It is time to consider functions other than polynomials. In particular it is time to give a
mathematically acceptable definition of functions like e^{x},sin
(x)
and cos
(x)
. It has been
assumed these functions are known from beginning calculus but this is a pretence. Most
students who take calculus come through it without a complete understanding of the circular
functions. This is because of the reliance on plane geometry in defining them. Fortunately,
these functions can be completely understood in terms of power series rather than wretched
plane geometry. The exponential function can also be defined in a simple manner using power
series.
Definition 8.1.1Let
{ak}
_{k=0}^{∞}be a sequence of numbers. The expression,
∞∑ k
ak(x− a) (8.1)
k=0
(8.1)
is called a Taylor series centered at a.This is also called a power series centered at a.It isunderstood that x and a ∈ F, that is, either ℂ or ℝ.
In the above definition, x is a variable. Thus you can put in various values of x and ask
whether the resulting series of numbers converges. Defining D to be the set of all values of x
such that the resulting series does converge, define a new function f defined on D having
values in F as
∞∑ k
f (x) ≡ ak(x− a) .
k=0
This might be a totally new function one which has no name. Nevertheless, much can be
said about such functions. The following lemma is fundamental in considering the
form of D which always turns out to be of the form B
(a,r)
along with possibly
some points, z such that
|z − a|
= r. First here is a simple lemma which will be
useful.
Lemma 8.1.2lim_{n→∞}n^{1∕n} = 1.
Proof: It is clear n^{1∕n}≥ 1. Let n^{1∕n} = 1 + e_{n} where 0 ≤ e_{n}. Then raising both sides to
the n^{th} power for n > 1 and using the binomial theorem,
n ( )
n = (1+ e )n = ∑ n ek ≥ 1+ ne + (n (n− 1)∕2)e2
n k=0 k n n n
2
≥ (n(n − 1)∕2)en
Thus
0 ≤ e2≤ ----n--- = --1--
n n (n− 1) n− 1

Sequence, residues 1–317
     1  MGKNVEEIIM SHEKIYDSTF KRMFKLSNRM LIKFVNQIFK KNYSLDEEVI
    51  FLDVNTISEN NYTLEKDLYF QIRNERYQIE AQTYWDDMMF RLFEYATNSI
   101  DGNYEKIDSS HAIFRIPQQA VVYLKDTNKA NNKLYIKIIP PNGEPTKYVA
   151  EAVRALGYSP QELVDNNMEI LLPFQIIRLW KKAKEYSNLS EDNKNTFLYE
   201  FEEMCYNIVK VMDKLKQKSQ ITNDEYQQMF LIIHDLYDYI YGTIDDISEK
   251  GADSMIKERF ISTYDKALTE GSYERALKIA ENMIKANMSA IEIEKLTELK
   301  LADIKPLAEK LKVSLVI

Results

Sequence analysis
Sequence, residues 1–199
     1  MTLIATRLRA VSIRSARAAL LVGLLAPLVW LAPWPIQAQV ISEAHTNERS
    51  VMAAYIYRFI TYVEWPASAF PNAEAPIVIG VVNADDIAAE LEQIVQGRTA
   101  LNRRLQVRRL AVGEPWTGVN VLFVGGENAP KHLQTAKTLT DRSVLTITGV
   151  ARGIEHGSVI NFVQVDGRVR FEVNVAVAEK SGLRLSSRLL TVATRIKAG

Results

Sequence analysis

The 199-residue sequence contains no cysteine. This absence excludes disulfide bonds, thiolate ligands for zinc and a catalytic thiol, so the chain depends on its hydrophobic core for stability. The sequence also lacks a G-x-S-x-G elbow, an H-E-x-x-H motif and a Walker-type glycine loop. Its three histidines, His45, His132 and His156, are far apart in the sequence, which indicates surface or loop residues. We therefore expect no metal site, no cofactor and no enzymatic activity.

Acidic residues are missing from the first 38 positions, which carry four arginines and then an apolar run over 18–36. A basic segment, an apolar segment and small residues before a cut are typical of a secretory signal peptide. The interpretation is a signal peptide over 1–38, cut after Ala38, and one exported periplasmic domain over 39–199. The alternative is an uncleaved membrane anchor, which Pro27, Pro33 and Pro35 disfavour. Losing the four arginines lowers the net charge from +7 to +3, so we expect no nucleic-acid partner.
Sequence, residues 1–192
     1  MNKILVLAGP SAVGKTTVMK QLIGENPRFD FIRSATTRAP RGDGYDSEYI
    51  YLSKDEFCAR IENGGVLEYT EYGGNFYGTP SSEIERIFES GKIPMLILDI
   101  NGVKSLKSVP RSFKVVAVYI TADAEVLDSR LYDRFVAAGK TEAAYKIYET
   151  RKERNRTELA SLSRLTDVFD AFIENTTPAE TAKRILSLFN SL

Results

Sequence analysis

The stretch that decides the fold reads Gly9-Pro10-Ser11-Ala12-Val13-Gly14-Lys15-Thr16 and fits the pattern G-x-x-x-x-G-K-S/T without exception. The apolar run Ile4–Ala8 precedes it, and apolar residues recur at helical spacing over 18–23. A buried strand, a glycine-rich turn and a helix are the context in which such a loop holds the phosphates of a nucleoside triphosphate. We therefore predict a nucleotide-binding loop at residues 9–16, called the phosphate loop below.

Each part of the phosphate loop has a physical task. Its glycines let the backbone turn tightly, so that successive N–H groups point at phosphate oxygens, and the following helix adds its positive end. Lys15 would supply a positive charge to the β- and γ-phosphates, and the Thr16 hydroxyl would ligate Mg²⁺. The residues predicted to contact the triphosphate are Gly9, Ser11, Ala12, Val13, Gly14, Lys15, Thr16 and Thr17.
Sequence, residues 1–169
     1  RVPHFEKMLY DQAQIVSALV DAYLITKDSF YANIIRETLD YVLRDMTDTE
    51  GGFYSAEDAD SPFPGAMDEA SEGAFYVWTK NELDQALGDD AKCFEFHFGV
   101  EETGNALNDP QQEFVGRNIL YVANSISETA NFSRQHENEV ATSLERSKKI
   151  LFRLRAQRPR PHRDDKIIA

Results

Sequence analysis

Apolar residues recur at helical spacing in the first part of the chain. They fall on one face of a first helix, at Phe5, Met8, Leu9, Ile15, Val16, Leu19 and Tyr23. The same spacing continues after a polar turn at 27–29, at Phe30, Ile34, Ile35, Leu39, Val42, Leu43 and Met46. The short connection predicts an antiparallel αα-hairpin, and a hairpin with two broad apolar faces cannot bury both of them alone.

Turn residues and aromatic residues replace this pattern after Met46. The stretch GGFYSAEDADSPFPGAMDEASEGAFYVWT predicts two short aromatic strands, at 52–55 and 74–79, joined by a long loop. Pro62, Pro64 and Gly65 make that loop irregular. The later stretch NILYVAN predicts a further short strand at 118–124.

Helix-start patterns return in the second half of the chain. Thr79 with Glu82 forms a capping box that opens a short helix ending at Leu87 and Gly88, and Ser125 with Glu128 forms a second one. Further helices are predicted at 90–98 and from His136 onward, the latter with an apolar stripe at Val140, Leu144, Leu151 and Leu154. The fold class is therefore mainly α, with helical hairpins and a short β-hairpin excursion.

From this the desired result follows because
| |
||n1∕n − 1|| = en ≤ √-1--.■
n − 1
Theorem 8.1.3Let∑_{k=0}^{∞}a_{k}
(x − a)
^{k}be a Taylorseries. Then there existsr ≤ ∞ such that the Taylor series converges absolutely if
|x − a|
< r. Furthermore,if
|x − a|
> r, the Taylor series diverges.If λ < r then the Taylor series convergesuniformly on the closed disk
|x − a|
≤ λ.
Proof: Note
| |
lim sup ||a (x− a)k||1∕k = lim sup |a |1∕k |x − a|.
k→∞ k k→ ∞ k
Then by the root test, the series converges absolutely if
| |
lim sup ||a (x − a)k||1∕k = lim sup |a |1∕k|x − a| ≤ λlim sup |a |1∕k ≤ λ-< α < 1
k→ ∞ k k→∞ k k→ ∞ k r
It follows that for all k large enough and such x,
| |
||ak(x − a)k||
< α^{k}. Then by the Weierstrass
M test, convergence is uniform. ■
Note that the radius of convergence r is given by
lim sup |a |1∕kr = 1
k→ ∞ k
Definition 8.1.4The number in the above theorem is called the radius ofconvergence and the set on which convergence takes place is called the disc ofconvergence.
Now the theorem was proved using the root test but often you use the ratio test to
find the interval of convergence. This kind of thing is typical in math so get used
to it. The proof of a theorem does not always yield a way to find the thing the
theorem speaks about. The above is an existence theorem. There exists an interval of
convergence from the above theorem. You find it in specific cases any way that is most
convenient.
Example 8.1.5Find the disc of convergence of the Taylor series∑_{n=1}^{∞}